|Publication number||US7065706 B1|
|Application number||US 09/921,780|
|Publication date||Jun 20, 2006|
|Filing date||Aug 6, 2001|
|Priority date||Aug 6, 2001|
|Also published as||US7689907, US20060200458|
|Publication number||09921780, 921780, US 7065706 B1, US 7065706B1, US-B1-7065706, US7065706 B1, US7065706B1|
|Inventors||Krishna I. Sankar|
|Original Assignee||Cisco Technology, Inc.|
|Export Citation||BiBTeX, EndNote, RefMan|
|Patent Citations (4), Non-Patent Citations (1), Referenced by (58), Classifications (6), Legal Events (3)|
|External Links: USPTO, USPTO Assignment, Espacenet|
1. Field of the Invention
The present invention relates to a router in an open protocol network configured for executing network operations, for example routing requests and responses, for network nodes utilizing extensible markup language (XML) based messaging.
2. Description of the Related Art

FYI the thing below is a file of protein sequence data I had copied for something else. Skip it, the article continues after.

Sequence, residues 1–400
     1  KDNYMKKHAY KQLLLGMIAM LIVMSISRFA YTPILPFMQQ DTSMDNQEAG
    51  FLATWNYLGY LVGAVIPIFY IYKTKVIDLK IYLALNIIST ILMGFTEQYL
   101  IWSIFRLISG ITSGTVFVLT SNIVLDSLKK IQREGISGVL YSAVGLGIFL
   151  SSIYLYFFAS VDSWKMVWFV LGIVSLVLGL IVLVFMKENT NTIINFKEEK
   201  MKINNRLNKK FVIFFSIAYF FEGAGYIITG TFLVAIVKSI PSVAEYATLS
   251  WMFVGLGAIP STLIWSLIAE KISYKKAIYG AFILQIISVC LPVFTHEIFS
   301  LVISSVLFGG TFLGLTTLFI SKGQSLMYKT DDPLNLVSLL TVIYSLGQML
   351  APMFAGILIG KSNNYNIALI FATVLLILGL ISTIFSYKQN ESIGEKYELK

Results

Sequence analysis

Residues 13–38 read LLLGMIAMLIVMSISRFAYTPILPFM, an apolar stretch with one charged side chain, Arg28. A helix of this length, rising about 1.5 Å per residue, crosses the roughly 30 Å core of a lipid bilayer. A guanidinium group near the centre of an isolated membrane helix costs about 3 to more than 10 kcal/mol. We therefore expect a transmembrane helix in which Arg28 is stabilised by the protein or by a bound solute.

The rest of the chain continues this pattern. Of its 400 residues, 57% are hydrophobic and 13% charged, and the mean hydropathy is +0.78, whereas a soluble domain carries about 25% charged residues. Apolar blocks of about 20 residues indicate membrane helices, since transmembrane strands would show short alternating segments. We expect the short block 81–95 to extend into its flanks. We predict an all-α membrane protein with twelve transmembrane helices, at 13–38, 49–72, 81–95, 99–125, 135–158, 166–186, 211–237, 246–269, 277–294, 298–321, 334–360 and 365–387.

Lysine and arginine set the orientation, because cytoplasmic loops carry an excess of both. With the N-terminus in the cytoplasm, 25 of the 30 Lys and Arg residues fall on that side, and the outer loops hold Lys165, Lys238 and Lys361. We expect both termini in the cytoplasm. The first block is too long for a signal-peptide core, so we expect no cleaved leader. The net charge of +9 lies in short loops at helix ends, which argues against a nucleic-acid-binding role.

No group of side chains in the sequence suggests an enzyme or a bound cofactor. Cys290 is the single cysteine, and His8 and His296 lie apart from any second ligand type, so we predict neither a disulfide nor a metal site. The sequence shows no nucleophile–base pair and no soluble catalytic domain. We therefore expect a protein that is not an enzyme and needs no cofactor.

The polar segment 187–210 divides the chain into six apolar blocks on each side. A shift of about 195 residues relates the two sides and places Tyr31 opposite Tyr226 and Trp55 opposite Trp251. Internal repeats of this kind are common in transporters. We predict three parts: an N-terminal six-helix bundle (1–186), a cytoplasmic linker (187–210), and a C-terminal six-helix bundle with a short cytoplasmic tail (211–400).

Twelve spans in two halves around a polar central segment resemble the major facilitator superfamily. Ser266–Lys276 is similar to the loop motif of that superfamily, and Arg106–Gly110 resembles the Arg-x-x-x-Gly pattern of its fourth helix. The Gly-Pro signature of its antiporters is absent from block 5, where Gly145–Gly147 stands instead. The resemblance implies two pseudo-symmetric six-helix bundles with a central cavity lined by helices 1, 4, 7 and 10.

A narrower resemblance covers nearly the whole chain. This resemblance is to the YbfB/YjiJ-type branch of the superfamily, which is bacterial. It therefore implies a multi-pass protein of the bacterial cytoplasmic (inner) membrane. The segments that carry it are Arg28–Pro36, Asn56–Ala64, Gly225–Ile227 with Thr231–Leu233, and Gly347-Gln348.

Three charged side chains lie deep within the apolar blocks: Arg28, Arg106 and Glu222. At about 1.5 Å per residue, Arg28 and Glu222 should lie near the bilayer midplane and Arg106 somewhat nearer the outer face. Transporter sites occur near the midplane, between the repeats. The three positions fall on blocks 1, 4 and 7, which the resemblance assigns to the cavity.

Networking communications technology is undergoing substantial changes in an effort to provide a seamless integration of services by servers connected via a wide area network, such as the World Wide Web. Concerns, however, over scability, security, and fault-tolerance (i.e., “robustness”) limit the ability to implement integration of services using existing protocols, such as Hypertext Markup Language (HTML). In particular, HTML specifies a limited set of prescribed tags for performing prescribed web operations: these tags cannot be modified absent adoption by The World Wide Web Consortium (W3C); hence, use of HTML is limited in its ability to provide advanced networking operations necessary for integration of services.
Extensible Markup Language (XML) enables developers to define application-specific attributes that can be interpreted by a computing system executing the corresponding application. In particular, XML enables a developer to specify an XML tag to have a specific attribute: the interpretation of that attribute (i.e., the attribute's “context”) is determined by the application runtime environment of the corresponding application under execution.